Despite the fact that i know fuck all about who’s enlightened, i did try to be somewhat accurate with my list. Like, my best guess. But not really.

  29. gniz
    gniz March 9, 2007 at 2:58 pm | |

    Jules, the most dead to least dead presidents is easy. Whoever died most recently is least dead, and whoever died long ago is most dead

  30. Anonymous
    Anonymous March 9, 2007 at 3:29 pm | |

    I’m eating microwave popcorn.

  31. Jared
    Jared March 9, 2007 at 4:01 pm | |

    No way, gniz! If the 9th president was 20 years older than the 10th president and died 10 years sooner, he’d be 10 years his senior in death!

    TAKES A LITTLE BIT OF MATH

  32. Anonymous
    Anonymous March 9, 2007 at 4:22 pm | |

    zen spelled backwards is nez which means nose in french. nose spelled backwards is eson.

  33. Anonymous
    Anonymous March 9, 2007 at 4:25 pm | |

    gniz spelled backwards is zing

  34. drunken monkey
    drunken monkey March 9, 2007 at 4:30 pm | |

    http://www.youtube.com/watch?v=f2Pt5murBbs

    OMG, check out Wilbers praise of Genpo.

  35. Anonymous
    Anonymous March 9, 2007 at 5:54 pm | |

    Object

    The goal is to capture more feces than the opponent.

  36. Anonymous
    Anonymous March 9, 2007 at 8:43 pm | |

    hey you perfect posture guys:

    take care of your knees.

    i blew out my right knee in a stupid way, and i can’t sit “properly”.

    but i also learned that there are other ways to practice formal zen meditation.

    for example, walking meditation can be very powerful. if you put your heart in it.

    it takes concentration, balance, coming back, and physical effort, all while being relaxed.

    i think it’s a fine training.

    [disclaimer: training leads nowhere. there is nowhere to go. it is more a process of going down dead ends...]

    [personal theoretical disclaimer: ...until one day we walk down the final dead end and realize we're already there and there's nowhere to go]

  37. Anonymous
    Anonymous March 9, 2007 at 10:40 pm | |

    I find it scary, amusing and sad the number of Zen Fundamentalists there are here.

    I hate to break it to you but while Zen is a wonderful path, it does not define all of Buddhism or all of Buddhist practitioners. If you aren’t a Zen practitioner, you may still be a Real Buddhist ™.

    Or do all of you think that the Dalai Lama, to use an obvious example, isn’t a “Real Buddhist” because he doesn’t practice Zen and is a Vajrayana teacher and practitioner?

    Hey, maybe Brad can call him names too?

  38. Ken Wilbur
    Ken Wilbur March 9, 2007 at 11:59 pm | |

    You all suck!

  39. Francisca
    Francisca March 10, 2007 at 2:41 am | |

    Ok, I am tooo curious…cant stay ignorant for ever I guess…or can I?

    Hmm, well if anyone feels the need to explain to me what “Enlightenment” is, what it feels, smells or looks like..you can comment on my post here;
    ‘What the *bleep* is Enlightenment??’

    Thanks, Francisca.

  40. magik
    magik March 10, 2007 at 5:00 am | |

    This comment has been removed by the author.

  41. yudo
    yudo March 10, 2007 at 8:34 am | |

    Eardrum wrote:
    “But being politically correct is subscribing to somebody else’s rules. “

    Italian semiologist Umberto Eco wrote at one point that PC is Vaseline language. (Or KY language)…

    It’s like when you keep running away from the word “nigger” which is only latin for “black”. You keep replacing it by other expressions, but since you haven’t purged it from its negative charge, that charge lingers on, and on…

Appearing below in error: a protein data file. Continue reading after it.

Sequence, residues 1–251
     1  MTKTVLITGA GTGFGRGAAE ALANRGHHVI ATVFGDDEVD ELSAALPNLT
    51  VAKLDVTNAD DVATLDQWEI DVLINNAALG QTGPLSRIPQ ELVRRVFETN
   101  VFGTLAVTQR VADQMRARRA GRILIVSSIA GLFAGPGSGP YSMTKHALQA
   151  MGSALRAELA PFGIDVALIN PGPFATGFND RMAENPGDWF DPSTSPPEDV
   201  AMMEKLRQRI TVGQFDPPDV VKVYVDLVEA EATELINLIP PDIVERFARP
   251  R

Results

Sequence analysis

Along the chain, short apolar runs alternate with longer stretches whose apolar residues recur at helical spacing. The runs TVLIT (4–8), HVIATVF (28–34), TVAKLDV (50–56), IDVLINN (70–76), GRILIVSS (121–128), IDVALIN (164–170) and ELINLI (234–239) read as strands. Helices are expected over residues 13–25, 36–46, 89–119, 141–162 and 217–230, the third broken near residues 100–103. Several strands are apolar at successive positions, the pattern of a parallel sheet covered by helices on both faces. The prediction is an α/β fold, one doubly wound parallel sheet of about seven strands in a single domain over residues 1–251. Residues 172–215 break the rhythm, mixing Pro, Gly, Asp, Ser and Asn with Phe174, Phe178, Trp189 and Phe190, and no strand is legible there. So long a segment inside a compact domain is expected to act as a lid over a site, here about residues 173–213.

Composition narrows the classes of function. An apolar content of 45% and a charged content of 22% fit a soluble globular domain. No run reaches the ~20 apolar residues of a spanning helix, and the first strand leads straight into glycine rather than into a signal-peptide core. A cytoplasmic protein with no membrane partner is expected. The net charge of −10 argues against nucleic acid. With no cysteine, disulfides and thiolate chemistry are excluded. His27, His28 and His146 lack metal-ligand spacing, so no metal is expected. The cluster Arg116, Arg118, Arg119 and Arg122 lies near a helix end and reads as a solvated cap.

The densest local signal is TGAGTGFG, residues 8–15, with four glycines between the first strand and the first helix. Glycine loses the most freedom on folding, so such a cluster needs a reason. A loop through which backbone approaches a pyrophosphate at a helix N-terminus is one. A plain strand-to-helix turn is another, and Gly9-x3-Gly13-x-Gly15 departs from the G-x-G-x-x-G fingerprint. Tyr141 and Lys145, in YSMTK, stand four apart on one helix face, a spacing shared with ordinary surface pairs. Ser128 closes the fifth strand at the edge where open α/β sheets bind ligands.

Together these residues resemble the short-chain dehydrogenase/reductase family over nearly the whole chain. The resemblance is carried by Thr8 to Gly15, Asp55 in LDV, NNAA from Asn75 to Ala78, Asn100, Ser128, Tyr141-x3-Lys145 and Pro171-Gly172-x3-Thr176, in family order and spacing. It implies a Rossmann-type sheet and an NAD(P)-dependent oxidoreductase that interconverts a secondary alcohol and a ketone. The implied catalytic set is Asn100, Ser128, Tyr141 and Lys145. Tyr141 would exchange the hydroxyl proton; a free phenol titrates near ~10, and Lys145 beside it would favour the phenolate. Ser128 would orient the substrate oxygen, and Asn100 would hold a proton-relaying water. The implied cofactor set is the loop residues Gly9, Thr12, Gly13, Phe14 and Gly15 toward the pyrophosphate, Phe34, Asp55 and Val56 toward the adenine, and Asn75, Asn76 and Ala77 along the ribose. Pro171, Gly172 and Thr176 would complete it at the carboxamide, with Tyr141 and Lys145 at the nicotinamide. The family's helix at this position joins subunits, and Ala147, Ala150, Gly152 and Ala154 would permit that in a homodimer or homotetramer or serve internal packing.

Anonymous wrote: “in your lineage, the famous Kodo Sawaki”
    Although Sawaki was the “root teacher” of Nishijima roshi, he isn’t in the lineage.

  42. drunken monkey
    drunken monkey March 10, 2007 at 8:41 am | |

    The original meaning of pc was compassion and understanding.

    Unfortunately the right wingers have used the word pc as an insult to those on the left.

    I am definately pc. And proud of it, fuckers!

  43. yudo
    yudo March 10, 2007 at 9:05 am | |

    By the way gniz, we may not truly know what the Buddha actually did under the bodhi tree, nor whether there was one, but the lenght, constancy and consistency of the tradition gives us a fair indication that this might have actually been the case.

  44. yudo
    yudo March 10, 2007 at 10:29 am | |

    Considering some of the posts here, about “true buddhism”, I have thought of forwarding this. Since it comes from a source altogether different, it might reveal itself to be some food for thought. (Sorry, I had to retranslate it from Italian)

    “Mind spends most of its time lost in fantasies and illusions, reliving pleasant or unpleasant experiences and anticipating the future with enthusiasm or fear. While we’re lost in those desires and loathings, we are ignorant of what is happening right now, of what we’re doing right now. And yet, it is sure that this moment, now, is for us the most important. We cannot live in the past: it is gone. Nor can we live in the future: it is forever beyond our reach. We can only live in the present moment. If we are unaware of what we’re doing right now, we are condemned to repeat the mistakes of the past and never succeed into reaching our dreams for the future. But if we succeed into developing the capacity to be aware of the present moment, we can use the past as a guide for putting in order our actions to be, so that we will succeed into our goals”

    (S. N. Goenka)

    Now don’t get me wrong. We ought not have goals in our practice of Buddhism, but our everyday life does need them, I feel.

  45. 195
    195 March 10, 2007 at 10:35 am | |

    195

  46. Anonymous
    Anonymous March 10, 2007 at 10:55 am | |

    being PC is just going along with whatever the herd thinks or is told to think.

  47. Anonymous
    Anonymous March 10, 2007 at 11:07 am | |

    197

  48. Anonymous
    Anonymous March 10, 2007 at 11:07 am | |

    198

  49. Anonymous
    Anonymous March 10, 2007 at 11:08 am | |

    199

  50. Anonymous
    Anonymous March 10, 2007 at 11:08 am | |

    200 – walk away